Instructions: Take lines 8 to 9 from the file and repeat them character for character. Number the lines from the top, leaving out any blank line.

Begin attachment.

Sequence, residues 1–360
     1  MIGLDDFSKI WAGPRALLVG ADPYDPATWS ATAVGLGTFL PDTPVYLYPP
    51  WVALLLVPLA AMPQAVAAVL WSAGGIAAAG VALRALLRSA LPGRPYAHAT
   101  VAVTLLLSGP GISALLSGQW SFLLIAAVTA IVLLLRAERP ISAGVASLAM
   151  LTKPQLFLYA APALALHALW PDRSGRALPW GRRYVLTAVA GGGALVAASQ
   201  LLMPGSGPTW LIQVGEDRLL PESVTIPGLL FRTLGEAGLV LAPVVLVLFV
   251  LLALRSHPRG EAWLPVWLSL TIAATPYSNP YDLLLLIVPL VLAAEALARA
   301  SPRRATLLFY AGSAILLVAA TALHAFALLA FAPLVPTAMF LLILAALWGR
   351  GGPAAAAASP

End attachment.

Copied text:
   301  SPRRATLLFY AGSAILLVAA TALHAFALLA FAPLVPTAMF LLILAALWGR
   351  GGPAAAAASP